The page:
What’s next for the Second Amendment at SCOTUS?
DAMON ROOT | 8.7.2019 10:05 AM
The U.S. Supreme Court has not heard a major gun control case since 2010’s McDonald v. Chicago, in which that city’s handgun ban was struck down for violating the constitutional right to armed self-defense, a right that was itself first recognized by the Court in 2008’s District of Columbia v. Heller. In the years since, the Court has had multiple opportunities to weigh the constitutional merits of other gun control laws, but it has declined to hear any of those cases.
Until now. When the Supreme Court reconvenes for its new term in October, a major gun control case awaits the justices. At issue in New York State Rifle and Pistol Association v. City of New York is a New York City law that forbids licensed handgun owners from possessing, carrying, or transporting their weapons outside of their homes. The only exception is for the transportation of such weapons, unloaded and locked in a container, to and from an authorized gun range within the city.
The New York State Rifle and Pistol Association argues that this restriction violates the right to keep and bear arms. The city “bans its residents from transporting a handgun to any place outside city limits—even if the handgun is unloaded and locked in a container separate from its ammunition,” the association notes in its brief, “and even if the owner seeks to transport it only to a second home for the core constitutionally protected purpose of self-defense, or to a more convenient out-of-city shooting range to hone its safe and effective use.”
The city argues that its restriction is fully consistent with both the Constitution and Supreme Court precedent. “The core right protected by the Second Amendment is the right to possess a handgun in the home for purposes of self-defense,” the city maintains. Therefore, “the City’s premises handgun license rule does not substantially burden petitioners’ Second Amendment rights.”
Does the Second Amendment right to keep and bear arms apply outside of the home? That is the fundamental question facing the Court in New York State Rifle and Pistol Association v. City of New York. How the Court answers that question will have ramifications for the future of gun control laws throughout the nation.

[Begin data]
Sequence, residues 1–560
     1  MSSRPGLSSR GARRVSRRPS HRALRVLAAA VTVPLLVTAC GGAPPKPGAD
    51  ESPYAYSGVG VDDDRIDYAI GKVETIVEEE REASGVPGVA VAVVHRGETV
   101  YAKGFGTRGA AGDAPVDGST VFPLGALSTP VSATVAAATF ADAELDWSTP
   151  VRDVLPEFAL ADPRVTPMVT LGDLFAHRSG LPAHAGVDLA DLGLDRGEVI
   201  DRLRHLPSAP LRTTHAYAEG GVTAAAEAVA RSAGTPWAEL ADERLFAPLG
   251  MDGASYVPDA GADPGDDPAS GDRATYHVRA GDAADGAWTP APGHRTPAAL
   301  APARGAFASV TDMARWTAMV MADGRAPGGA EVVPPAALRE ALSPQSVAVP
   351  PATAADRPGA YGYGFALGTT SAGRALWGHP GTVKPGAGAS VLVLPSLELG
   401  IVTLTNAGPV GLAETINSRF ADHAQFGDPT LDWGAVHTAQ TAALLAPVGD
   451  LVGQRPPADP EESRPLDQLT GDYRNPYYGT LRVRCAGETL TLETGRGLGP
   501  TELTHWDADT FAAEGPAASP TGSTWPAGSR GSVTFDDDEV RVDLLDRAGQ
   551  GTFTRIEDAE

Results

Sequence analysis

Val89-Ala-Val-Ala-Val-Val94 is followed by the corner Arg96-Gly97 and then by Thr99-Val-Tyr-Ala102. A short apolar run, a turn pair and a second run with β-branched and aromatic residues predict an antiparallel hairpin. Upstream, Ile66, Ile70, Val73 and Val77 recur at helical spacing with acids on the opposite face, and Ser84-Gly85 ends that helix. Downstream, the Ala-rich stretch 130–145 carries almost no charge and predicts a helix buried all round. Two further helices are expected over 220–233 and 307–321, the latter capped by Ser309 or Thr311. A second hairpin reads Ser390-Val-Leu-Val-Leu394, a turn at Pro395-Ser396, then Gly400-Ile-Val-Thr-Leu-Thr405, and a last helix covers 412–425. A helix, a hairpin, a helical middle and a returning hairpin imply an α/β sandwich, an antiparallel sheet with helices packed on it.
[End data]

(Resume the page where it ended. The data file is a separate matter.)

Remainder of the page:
There is another significant case touching on gun rights to watch at the Supreme Court in the days ahead. Last week, the gun manufacturer Remington filed a petition asking the Court to review a March 2019 ruling by the Connecticut Supreme Court that allowed families of the victims of the 2012 Sandy Hook Elementary School shooting to move forward with a civil lawsuit against the gun maker whose weapon, the Bushmaster XM15-E2S rifle, was used by the killer.
Here’s how the Connecticut Supreme Court described the lawsuit at issue in Soto v. Bushmaster Firearms International:
They allege that the defendants knowingly marketed, advertised, and promoted the XM15-E2S rifle for civilians to carry out offensive, military style combat missions against their perceived enemies. Such use of the XM15-E2S, or any weapon for that matter, would be illegal, and Connecticut law does not permit advertisements that promote or encourage violent, criminal behavior.
Such lawsuits against gun makers are generally prohibited by the federal Protection of Lawful Commerce in Arms Act of 2005 (PLCAA), which shields “manufacturers, distributors, dealers, or importers of firearms or ammunition” from being sued over “the misuse of their products by others.” But the Connecticut Supreme Court allowed this particular lawsuit to proceed on the grounds that the PLCAA did not disrupt the state’s traditional police power to regulate “advertising that threatens the public’s health, safety and morals.” The Sandy Hook victims’ families, the state high court held, “are entitled to have the opportunity to prove their wrongful marketing allegations” under the Connecticut Unfair Trade Practices Act.
Remington wants the Supreme Court to give that ruling a second look. “Because all states have analogous unfair trade practices laws,” Remington argues in its petition, “the decision below threatens to unleash a flood of lawsuits nationwide that would subject lawful business practices to crippling litigation burdens.” The Supreme Court “must intervene now,” Remington maintains, to “correct the Connecticut Supreme Court’s misreading of the PLCAA, and prevent a renewed wave of lawsuits of precisely the kind Congress sought to preempt.”
If the Supreme Court agrees to hear the case, now known as Remington Arms Co. v. Soto, and then overturns the state court’s ruling, similar state lawsuits against gun makers will be effectively barred nationwide. But if the Court declines to hear the case, and thus leaves the state court’s ruling in place, a great many such lawsuits will undoubtedly be filed, thereby opening a major new front in the national debate over guns.